As deceptive as they can be they still can create a false standard of normalcy or status of excellence and left unaddressed can lead one from having small micro-aggressive thoughts to forming unhealthy habits such as yo-yo dieting, extreme training or eating disorders.

Many think their happiness will come by achieving a look. If they just had his abs or her legs they would be happy. I’ve had clients drop 10-20lbs and still didn’t find that happiness and usually ends up putting the weight back on. This dives deeper into self-love, self-sabotage and mental health, heavier topics reserved for another day; but worth mentioning you might not find happiness solely by a change in weight or a look in the mirror.

Nothing is wrong with wanting to improving yourself, but I feel it should come from a place of self-love and health first; body and mind. By improving your health, you can improve your quality of life and a positive side effect [not the root cause] can be losing weight and/or building muscle.

I will be remiss not to talk about how we as a society also contribute to these image issues by demonising “overweight” people. The healthcare system says being overweight causes chronic disease, while I believe their weight is just another symptom of a greater health problem.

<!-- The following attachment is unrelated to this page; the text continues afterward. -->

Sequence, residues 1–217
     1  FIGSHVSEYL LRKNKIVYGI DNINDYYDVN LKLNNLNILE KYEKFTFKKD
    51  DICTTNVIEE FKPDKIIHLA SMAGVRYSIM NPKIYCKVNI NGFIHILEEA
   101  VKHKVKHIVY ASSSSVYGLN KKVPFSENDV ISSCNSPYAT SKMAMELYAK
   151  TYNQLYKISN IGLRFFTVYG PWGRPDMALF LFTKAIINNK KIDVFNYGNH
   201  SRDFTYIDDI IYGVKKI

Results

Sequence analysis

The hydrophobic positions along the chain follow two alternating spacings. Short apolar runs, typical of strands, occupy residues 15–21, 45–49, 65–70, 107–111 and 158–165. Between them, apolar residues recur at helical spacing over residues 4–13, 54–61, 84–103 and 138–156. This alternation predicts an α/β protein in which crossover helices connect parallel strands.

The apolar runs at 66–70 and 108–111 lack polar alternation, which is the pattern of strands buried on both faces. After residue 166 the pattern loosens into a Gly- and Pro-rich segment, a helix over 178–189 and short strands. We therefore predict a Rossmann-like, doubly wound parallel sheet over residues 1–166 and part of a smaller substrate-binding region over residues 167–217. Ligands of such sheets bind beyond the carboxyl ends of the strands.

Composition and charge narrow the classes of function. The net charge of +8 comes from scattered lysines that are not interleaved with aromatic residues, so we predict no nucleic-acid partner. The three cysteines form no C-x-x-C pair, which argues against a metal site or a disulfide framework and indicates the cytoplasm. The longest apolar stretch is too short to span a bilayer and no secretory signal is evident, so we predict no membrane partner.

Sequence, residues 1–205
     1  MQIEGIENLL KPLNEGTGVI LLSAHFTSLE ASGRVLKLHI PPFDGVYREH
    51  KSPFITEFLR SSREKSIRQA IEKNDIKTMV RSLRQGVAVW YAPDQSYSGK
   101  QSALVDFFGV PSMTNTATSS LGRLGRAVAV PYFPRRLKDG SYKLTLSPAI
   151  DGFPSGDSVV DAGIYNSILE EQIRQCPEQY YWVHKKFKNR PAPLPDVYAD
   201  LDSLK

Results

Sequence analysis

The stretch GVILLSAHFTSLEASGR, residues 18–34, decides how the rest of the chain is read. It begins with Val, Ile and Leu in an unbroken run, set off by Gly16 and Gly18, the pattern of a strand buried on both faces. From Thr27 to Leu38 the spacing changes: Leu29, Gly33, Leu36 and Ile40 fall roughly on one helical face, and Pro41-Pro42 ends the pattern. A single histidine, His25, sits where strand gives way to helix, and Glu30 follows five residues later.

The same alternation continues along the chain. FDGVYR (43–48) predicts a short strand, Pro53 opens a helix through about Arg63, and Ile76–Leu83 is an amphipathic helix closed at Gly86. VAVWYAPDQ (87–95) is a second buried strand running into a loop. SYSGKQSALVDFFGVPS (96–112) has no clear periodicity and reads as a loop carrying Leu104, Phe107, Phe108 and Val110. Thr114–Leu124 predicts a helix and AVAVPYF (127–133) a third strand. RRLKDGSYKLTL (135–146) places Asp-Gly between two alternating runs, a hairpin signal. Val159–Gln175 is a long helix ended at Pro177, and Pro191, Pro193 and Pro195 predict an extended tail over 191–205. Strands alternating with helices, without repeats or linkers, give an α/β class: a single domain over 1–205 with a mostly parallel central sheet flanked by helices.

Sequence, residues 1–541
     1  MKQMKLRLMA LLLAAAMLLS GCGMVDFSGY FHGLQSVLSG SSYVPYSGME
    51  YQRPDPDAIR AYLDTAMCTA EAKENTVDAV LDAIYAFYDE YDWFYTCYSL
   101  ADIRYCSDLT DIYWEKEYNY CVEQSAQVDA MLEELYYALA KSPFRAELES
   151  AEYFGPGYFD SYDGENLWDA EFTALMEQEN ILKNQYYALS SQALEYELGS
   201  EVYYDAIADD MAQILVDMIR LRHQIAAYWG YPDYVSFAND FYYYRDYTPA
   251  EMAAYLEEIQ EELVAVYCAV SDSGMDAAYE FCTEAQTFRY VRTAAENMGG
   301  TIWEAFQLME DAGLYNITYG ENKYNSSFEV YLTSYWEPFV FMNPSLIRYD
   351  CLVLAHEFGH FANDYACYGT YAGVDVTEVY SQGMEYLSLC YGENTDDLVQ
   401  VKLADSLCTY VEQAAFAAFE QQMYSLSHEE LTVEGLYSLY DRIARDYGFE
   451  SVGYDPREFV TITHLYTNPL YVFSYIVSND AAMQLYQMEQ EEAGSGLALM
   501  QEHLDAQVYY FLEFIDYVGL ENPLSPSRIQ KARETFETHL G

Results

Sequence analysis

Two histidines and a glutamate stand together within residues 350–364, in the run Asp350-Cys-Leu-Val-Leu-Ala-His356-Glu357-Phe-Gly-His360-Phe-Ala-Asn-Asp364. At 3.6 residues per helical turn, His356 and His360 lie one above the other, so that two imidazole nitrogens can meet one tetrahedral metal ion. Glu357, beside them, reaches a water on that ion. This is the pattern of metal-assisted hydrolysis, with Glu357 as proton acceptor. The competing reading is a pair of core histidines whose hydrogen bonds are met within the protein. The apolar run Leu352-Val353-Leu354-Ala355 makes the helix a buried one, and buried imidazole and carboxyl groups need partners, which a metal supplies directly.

Body fat didn’t cause their diabetes but the two are linked to the same root problem. Average size people have diabetes too, but being plus sized is just a visual symptom. Some of us would be in *insert restaurant* judging someone’s food selection if they were plus sized, “Oh they should be ordering a salad”, while we are eating the same thing if not worse but because we are thinner that makes us feel like we are better or healthier when that may not be the case.

I don’t want to promote a look to define happiness or healthy but say if you are healthy you are more likely to be happy, have a better quality of life and better achieve your goals. Not through extremes, gimmicks or tricks [oh my], but by creating a healthy mindset and lifestyle. Less likes, sure, but I’d rather tell you what you need to hear vs show you what you want to see.

- Hafid James

testimonial-divider

20 Most Recent Opinion Columns

Opinion columns reflect the views of the writer, and not those of Bernews Ltd. To submit an Opin-ion Column/Letter to the Editor, please email info@bernews.com. Bernews welcomes submissions, and while there are no length restrictions, all columns must be signed by the writer’s real name.

-

Click here banner of health related matters 3

Read More About

Category: All

Comments (2)

Trackback URL | Comments RSS Feed

  1. Opinions Matter says:

    How dare people share their internal joy at losing weight and achieving a goal.

    The society forces an unhealthy image is getting old. Currently the only images that are being asked to not be posted are ones of people not on the obesity scale. we are asked to applaud those that are BBW, yet decry an image of a proud person glad they have lost weight. We do this and claim the image is making other feel uncomfortable.

    hypocritical.

    • Me! says:

      I would ask where does it say that no one should post their progress pics or that we should endorse or encourage obesity?

Leave a Reply